OBJECTIVES: TNFSF4 (encodes OX40L) is a susceptibility locus for systemic lupus erythematosus (SLE). Risk alleles increase TNFSF4 expression in cell lines, but the mechanism linking this effect to disease is unclear, and the OX40L-expressing cell types mediating the risk are not clearly established. Blockade of OX40L has been demonstrated to reduce disease severity in several models of autoimmunity, but not in SLE. We sought to investigate its potential therapeutic role in lupus. METHODS: We used a conditional knockout mouse system to investigate the function of OX40L on B and T lymphocytes in systemic autoimmunity. RESULTS: Physiologically, OX40L on both B and T cells contributed to the humoral immune response, but B cell OX40L supported the secondary humoral response and antibody affinity maturation. Our data also indicated that loss of B cell OX40L impeded the generation of splenic T follicular helper cells. We further show that in two models of SLE-a spontaneous congenic model and the H2-IA(bm12) graft-versus-host-induced model-loss of B cell OX40L ameliorates the autoimmune phenotype. This improvement was, in each case, accompanied by a decline in T follicular helper cell numbers. Importantly, the germline knockout did not exhibit a markedly different phenotype from the B cell knockout in these models. CONCLUSIONS: These findings contribute to a model in which genetically determined increased OX40L expression promotes human SLE by several mechanisms, contingent on its cellular expression. The improvement in pathology in two models of systemic autoimmunity indicates that OX40L is an excellent therapeutic target in SLE.
Lynskey NN, Reglinski M, Calay D, et al., 2017, Multi-functional mechanisms of immune evasion by the streptococcal complement inhibitor C5a peptidase, PLOS Pathogens, Vol: 13, ISSN: 1553-7366
The complement cascade is crucial for clearance and control of invading pathogens, and as such is a key target for pathogen mediated host modulation. C3 is the central molecule of the complement cascade, and plays a vital role in opsonization of bacteria and recruitment of neutrophils to the site of infection. Streptococcal species have evolved multiple mechanisms to disrupt complement-mediated innate immunity, among which ScpA (C5a peptidase), a C5a inactivating enzyme, is widely conserved. Here we demonstrate for the first time that pyogenic streptococcal species are capable of cleaving C3, and identify C3 and C3a as novel substrates for the streptococcal ScpA, which are functionally inactivated as a result of cleavage 7 amino acids upstream of the natural C3 convertase. Cleavage of C3a by ScpA resulted in disruption of human neutrophil activation, phagocytosis and chemotaxis, while cleavage of C3 generated abnormally-sized C3a and C3b moieties with impaired function, in particular reducing C3 deposition on the bacterial surface. Despite clear effects on human complement, expression of ScpA reduced clearance of group A streptococci in vivo in wildtype and C5 deficient mice, and promoted systemic bacterial dissemination in mice that lacked both C3 and C5, suggesting an additional complement-independent role for ScpA in streptococcal pathogenesis. ScpA was shown to mediate streptococcal adhesion to both human epithelial and endothelial cells, consistent with a role in promoting bacterial invasion within the host. Taken together, these data show that ScpA is a multi-functional virulence factor with both complement-dependent and independent roles in streptococcal pathogenesis.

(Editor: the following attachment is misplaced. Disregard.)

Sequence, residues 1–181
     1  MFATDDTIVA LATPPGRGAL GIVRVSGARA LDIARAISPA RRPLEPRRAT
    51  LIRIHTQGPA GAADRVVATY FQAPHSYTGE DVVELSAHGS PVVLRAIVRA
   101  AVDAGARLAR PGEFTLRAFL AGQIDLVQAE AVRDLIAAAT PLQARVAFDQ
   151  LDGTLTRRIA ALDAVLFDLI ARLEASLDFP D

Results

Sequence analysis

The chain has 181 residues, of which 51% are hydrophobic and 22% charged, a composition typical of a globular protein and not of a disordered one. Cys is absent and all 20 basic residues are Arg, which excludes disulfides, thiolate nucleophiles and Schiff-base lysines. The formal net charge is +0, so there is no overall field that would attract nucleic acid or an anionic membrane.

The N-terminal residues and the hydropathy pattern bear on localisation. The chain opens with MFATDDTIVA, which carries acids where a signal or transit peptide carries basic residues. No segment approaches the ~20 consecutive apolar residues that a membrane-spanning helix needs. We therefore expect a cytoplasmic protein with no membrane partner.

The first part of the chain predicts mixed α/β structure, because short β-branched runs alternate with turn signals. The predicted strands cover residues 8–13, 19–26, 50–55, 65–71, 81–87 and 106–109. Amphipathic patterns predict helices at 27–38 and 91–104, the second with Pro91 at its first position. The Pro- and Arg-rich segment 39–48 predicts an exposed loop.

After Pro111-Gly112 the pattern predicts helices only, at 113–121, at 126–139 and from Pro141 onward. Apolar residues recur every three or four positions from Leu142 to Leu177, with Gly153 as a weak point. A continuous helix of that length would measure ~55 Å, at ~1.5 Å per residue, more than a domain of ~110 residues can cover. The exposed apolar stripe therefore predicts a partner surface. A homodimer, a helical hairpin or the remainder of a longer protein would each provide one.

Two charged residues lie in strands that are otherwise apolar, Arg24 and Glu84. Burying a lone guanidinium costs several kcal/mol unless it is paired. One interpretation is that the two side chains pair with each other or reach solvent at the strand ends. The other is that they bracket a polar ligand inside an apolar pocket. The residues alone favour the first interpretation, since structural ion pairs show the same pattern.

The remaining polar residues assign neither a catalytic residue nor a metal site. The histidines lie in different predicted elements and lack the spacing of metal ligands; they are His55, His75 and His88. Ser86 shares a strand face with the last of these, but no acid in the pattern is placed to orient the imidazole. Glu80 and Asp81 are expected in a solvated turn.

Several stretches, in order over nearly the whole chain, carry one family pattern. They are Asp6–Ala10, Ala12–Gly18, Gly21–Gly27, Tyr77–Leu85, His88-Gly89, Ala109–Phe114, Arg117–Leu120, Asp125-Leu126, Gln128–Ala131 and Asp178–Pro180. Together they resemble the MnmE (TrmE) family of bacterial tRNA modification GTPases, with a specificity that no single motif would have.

Kiriakidis S, Hoer SS, Burrows N, et al., 2017, Complement C1q is hydroxylated by collagen prolyl 4 hydroxylase and is sensitive to off-target inhibition by prolyl hydroxylase domain inhibitors that stabilize hypoxia-inducible factor, Kidney International, Vol: 92, Pages: 900-908, ISSN: 0085-2538
Complement C1q is part of the C1 macromolecular complex that mediates the classical complement activation pathway: a major arm of innate immune defense. C1q is composed of A, B, and C chains that require post-translational prolyl 4-hydroxylation of their N-terminal collagen-like domain to enable the formation of the functional triple helical multimers. The prolyl 4-hydroxylase(s) that hydroxylate C1q have not previously been identified. Recognized prolyl 4-hydroxylases include collagen prolyl-4-hydroxylases (CP4H) and the more recently described prolyl hydroxylase domain (PHD) enzymes that act as oxygen sensors regulating hypoxia-inducible factor (HIF). We show that several small-molecule prolyl hydroxylase inhibitors that activate HIF also potently suppress C1q secretion by human macrophages. However, reducing oxygenation to a level that activates HIF does not compromise C1q hydroxylation. In vitro studies showed that a C1q A chain peptide is not a substrate for PHD2 but is a substrate for CP4H1. Circulating levels of C1q did not differ between wild-type mice or mice with genetic deficits in PHD enzymes, but were reduced by prolyl hydroxylase inhibitors. Thus, C1q is hydroxylated by CP4H, but not the structurally related PHD hydroxylases. Hence, reduction of C1q levels may be an important off-target side effect of small molecule PHD inhibitors developed as treatments for renal anemia.